Plant production is based on the interaction of soil, work and capital. The numerical ratio in which they occur may be variable. The optimal method of management is the one, which not only completes the main goal, but also actively uses a factor, which occurs in its minimum. In developed countries, work occurs in the minimum because of its high cost. Under such conditions, simplification, production specialization and replacement of the work by mechanical and chemical means is economically justified [KU, HARASIM and KRASOWICZ 1988, KUS, KPASOWICZ and HARASIM 1988]. The employment indicator in Polish agriculture equals 27%. Because of high unemployment, cities can not absorb rural inhabitants, thus the establishment of rural-based industries producing non- agricultural goods is recommended. Owing to the relatively stable soil conditions, the main influence on agricultural production in Poland is work and capital. That is why some of the conventional farms are converting themselves into integrated and partly ecological farms [NIEWIADOMSKI 1992, 1993, 1995].
Not only high crop yields and economic benefits, but more importantly, soil care and fertility are expected from plant production systems. It is commonly known that the agricultural usage of soil degrades the soil [RYSZKOWSKI 1988]. The usage of crop rotation is one of the ways to prevent the above phenomenon [WITOCHOWSKI 1957, KNNECKE 1974, NIEWIADOMSKI 1980, 1994, KVCH 1985, and VRKO 1992]. Crop rotation is a controlled plant sequence, which stabilizes an agro-system's equilibrium.
However, because of the need for simplified usage it can not be multi-directional. For this reason, a biological peak level of inter-crop participation is examined.
The above inter-crops are crops, which are important in economics like cereal, potatoes, sugar beets, and corn and other. According to NIEWIADOMSKI (1980, 1987, 1988, 1993) the studies into monocultures along with anti-stress factor usage are very useful in obtaining the maximum degree of specialization.
In order to evaluate plant crops in rotations and monocultures, production, ecological and economic criteria are used. The implementation of a few indicators is necessary because each of the above has different importance depending on the kind of crop and its future implementation [KRZYMUSKI 1992]. The above indicators may be the following: Productivity is represented by different measurements: the humus and nutrient content of the soil, weed development, the concentration of parasites, bacteria and pathogenic fungi and, finally, work input, energy input and balance of costs [KREJ 1986, SZWEJKOWSKI 1999, STRAIL, 1990, NIEWIADOMSKI 1993,1995].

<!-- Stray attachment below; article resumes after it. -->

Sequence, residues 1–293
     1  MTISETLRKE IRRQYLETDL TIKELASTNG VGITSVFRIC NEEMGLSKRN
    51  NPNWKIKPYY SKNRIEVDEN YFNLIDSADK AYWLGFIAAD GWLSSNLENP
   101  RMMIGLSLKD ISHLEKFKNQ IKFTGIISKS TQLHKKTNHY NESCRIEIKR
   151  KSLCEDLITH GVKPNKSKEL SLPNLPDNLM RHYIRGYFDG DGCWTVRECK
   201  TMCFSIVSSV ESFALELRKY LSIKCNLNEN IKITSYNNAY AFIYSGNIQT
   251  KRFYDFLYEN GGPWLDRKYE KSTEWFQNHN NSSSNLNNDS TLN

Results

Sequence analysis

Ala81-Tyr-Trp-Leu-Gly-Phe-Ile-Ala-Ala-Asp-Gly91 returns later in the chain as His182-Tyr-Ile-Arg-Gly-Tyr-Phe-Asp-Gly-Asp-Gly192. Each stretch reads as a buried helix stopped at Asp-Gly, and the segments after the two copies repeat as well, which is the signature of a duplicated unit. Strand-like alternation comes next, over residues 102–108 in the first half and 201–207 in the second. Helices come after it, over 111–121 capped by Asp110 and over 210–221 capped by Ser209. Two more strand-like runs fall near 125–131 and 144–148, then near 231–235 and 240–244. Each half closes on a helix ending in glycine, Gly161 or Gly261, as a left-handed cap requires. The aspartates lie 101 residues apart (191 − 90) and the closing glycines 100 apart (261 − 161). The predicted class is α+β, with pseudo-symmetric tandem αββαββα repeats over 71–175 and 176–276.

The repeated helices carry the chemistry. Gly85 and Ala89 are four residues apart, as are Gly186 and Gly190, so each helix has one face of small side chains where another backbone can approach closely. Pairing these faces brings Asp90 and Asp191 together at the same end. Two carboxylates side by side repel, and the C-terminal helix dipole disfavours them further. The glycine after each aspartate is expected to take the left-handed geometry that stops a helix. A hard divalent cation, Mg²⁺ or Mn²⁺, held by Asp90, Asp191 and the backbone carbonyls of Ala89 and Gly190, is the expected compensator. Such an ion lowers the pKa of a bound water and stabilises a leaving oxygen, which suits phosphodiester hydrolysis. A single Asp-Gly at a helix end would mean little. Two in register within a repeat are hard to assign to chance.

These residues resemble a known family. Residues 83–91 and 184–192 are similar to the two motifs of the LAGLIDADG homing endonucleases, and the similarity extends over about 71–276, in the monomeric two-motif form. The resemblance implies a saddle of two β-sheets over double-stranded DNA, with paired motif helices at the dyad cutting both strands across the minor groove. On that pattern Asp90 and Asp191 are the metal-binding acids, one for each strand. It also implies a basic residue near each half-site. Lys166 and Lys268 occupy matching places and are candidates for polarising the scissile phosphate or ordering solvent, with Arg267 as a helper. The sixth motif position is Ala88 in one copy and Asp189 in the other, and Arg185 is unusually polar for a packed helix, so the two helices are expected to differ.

Not so long ago, the production aspect was dominant. The results of experiments were evaluated using natural crops or converted measurements, such as cereal units, dry matter, oat or feed units, digestive protein and others. A newer criterion for crop evaluation is energy units [ZIOECKA et al. 19791. The usage of natural units in crop evaluation is still used if, for one or a group of related species for example, cereals with a view to their reaction to various agro-technical factors. The examples of the above works backed by statistical analysis are works capitalizing on long-term experiments [ADAMIAK 1987, DZIENIA 1978, FORDOSKI et al. 1993, KREJ 1987, NIEWIADOMSKI et al. 1988, ZAWILAK 1983]. In evaluating the productivity of crops cultivated in the crop represented by different species giving different crops (grain, seeds, bulbs, leaves), convertible indicators allowing their comparison are necessary.
The biological criteria concern the existence of negative biotic factor scale negatively influencing crops in the way of plant diseases [HERMAN 1992, KUROWSKI 1992],
Parasites [WOLNY 1992] and weeds [ADAMIAK 1992, GAWROSKA-KULESZA et al. 1988, VARGA et al. 1994].
The effectiveness comparison of different species cultivated in monocultures and in long-term crop rotations were presented by the following authors: GONET and STADEJEK (1991), KREJ (1987, 1992) GAWROSKA-KULESZA et al. ( 1988), URBANOWSKI (1991), ZAWILAK and et al. (1988), and also as monographies - ZAWILAK and SADOWSKI (1992), ZAWILAK AND TYBURSKI (1992).